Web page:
Government cuts growth forecast
The Government has substantially cut its growth forecasts for next year and warned it will take longer for the economy to return to “robust” expansion.
The projections come in the Medium-Term Fiscal Statement, released today, which sets the backdrop against which the Government forms the Budget.
The document reaffirms the Government’s judgment that €3.5 billion needs to be extracted from the economy in next month’s Budget, with further adjustments of €3.1 billion and €2 billion required in 2014 and 2015 respectively.
This will allow the State to meet the deficit targets contained within the terms of the EU/IMF bailout.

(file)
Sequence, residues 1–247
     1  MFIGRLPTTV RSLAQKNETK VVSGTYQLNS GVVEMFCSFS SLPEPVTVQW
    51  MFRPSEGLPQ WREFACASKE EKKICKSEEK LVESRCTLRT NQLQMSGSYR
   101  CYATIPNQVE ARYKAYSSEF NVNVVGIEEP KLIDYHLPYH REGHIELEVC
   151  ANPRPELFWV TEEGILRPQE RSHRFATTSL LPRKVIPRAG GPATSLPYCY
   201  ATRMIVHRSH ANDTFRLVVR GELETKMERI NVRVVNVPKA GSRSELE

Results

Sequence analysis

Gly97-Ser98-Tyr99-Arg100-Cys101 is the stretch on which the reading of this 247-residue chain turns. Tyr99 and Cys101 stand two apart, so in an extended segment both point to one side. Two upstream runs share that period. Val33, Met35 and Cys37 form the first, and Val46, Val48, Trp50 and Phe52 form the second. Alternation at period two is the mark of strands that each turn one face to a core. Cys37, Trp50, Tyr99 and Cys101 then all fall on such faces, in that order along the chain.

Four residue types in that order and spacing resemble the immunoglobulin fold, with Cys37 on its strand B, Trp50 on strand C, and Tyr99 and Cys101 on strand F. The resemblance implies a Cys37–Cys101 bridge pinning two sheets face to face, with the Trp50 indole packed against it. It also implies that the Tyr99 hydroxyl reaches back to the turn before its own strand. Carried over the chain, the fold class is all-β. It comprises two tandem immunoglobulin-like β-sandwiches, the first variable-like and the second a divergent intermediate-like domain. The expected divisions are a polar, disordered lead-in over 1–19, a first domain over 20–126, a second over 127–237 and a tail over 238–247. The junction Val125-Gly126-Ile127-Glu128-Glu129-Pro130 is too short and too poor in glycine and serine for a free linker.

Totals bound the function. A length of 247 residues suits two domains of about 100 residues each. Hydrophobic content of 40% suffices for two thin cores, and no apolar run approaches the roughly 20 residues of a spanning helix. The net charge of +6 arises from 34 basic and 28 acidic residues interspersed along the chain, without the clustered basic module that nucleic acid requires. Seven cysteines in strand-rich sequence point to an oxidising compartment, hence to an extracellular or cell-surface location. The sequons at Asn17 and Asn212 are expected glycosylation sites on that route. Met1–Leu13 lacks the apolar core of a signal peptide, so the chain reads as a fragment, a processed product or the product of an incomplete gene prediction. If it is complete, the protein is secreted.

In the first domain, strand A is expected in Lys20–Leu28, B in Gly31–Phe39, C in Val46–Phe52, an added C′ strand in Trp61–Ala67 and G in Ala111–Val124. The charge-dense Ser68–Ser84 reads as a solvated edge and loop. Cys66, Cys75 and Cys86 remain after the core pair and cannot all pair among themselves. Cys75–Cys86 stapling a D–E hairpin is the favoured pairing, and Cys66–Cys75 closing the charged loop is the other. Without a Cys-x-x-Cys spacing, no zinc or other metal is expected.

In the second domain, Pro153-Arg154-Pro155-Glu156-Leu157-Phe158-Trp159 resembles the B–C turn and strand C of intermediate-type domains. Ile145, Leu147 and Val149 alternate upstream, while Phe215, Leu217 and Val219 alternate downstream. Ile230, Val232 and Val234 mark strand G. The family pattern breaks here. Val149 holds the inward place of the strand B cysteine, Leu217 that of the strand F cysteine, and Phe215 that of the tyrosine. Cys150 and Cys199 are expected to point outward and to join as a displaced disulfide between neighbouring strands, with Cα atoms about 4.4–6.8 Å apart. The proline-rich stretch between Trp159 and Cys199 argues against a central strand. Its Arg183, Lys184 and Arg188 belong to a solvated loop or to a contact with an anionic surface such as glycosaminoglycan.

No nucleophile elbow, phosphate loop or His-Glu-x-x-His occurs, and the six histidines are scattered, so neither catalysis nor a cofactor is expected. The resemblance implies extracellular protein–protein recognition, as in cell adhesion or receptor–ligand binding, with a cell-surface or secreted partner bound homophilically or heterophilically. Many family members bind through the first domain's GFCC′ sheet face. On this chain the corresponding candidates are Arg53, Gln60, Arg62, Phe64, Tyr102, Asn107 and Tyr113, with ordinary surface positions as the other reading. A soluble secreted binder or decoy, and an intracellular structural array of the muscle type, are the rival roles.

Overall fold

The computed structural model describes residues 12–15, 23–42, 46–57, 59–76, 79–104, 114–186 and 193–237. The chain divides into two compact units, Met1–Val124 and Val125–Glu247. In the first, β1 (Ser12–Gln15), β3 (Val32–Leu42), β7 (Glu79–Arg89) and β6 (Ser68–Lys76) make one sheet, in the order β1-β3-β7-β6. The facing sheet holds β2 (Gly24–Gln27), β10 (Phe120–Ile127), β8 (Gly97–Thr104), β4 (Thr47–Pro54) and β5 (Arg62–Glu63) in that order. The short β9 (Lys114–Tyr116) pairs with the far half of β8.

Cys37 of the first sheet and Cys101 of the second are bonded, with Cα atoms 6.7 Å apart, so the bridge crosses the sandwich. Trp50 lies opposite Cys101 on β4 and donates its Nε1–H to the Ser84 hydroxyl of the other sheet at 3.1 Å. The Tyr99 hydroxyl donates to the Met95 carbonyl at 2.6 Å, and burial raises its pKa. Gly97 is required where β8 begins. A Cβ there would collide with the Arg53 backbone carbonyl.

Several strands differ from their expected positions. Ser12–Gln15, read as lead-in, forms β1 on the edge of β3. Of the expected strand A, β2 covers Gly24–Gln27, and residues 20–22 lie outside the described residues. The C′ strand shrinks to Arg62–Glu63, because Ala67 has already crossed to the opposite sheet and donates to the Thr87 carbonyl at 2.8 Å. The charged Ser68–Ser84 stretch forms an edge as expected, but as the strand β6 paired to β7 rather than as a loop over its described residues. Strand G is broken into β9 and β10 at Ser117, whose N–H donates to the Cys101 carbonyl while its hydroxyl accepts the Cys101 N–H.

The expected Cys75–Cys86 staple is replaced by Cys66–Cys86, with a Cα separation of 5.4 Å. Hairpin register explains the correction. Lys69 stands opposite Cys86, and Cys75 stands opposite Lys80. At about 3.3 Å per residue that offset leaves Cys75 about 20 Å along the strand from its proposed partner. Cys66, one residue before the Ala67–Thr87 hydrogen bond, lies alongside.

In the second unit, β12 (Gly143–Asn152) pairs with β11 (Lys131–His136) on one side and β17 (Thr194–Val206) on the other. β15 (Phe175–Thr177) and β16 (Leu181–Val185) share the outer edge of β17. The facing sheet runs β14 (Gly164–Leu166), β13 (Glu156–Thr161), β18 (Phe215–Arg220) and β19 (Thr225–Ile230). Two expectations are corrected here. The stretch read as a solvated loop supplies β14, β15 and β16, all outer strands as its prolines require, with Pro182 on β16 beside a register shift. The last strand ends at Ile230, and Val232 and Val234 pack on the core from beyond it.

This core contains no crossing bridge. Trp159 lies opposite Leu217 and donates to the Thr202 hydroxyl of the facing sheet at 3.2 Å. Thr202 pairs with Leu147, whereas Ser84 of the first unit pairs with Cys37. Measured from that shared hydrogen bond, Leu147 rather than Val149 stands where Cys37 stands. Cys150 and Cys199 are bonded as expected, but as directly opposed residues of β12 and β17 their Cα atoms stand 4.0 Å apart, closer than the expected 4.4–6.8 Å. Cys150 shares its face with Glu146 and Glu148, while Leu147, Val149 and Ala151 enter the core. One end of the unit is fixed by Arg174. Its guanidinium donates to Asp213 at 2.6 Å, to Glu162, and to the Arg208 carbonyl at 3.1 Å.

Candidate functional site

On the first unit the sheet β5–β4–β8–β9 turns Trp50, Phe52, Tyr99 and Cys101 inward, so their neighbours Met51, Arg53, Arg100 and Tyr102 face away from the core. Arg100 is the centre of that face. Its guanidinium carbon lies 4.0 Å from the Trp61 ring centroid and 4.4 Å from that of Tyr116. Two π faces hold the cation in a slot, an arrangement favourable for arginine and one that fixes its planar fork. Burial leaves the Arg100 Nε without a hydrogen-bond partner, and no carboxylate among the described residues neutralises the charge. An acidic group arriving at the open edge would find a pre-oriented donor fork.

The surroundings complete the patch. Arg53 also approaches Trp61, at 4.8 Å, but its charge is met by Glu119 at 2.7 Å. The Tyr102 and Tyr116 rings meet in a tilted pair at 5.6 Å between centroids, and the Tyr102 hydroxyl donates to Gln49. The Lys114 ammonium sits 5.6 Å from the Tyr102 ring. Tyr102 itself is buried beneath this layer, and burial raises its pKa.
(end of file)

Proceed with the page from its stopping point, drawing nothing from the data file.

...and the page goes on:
For 2013, the Government has cut its GDP forecast by 0.75 percentage points to 1.5 per cent, reflecting “the deterioration in the external environment over the past six months or so”.
GDP growth is expected to rise to 2.5 per cent in 2014 and to 2.9 per cent in 2015. For this year, the Government has pencilled in growth of 0.9 per cent, which is slightly ahead of its previous forecast, helped by positive economic data for the third quarter.
It expects the jobs market to remain problematic, with no uptick anticipated until the second half of next year.
The jobless rate will remain relatively high even until the middle of the decade, according to the analysis.
The unemployment rate is forecast to be more or less unchanged at 14.5 per cent in 2013, before falling to 13.9 per cent in 2014 and 13 per cent in 2015.
The Government notes that the projections contained within the outlook do not take any account of any benefits that may flow from the June euro summit, which could help to reduce the State’s debt burden.
“Technical work is continuing in that regard,” according to the statement.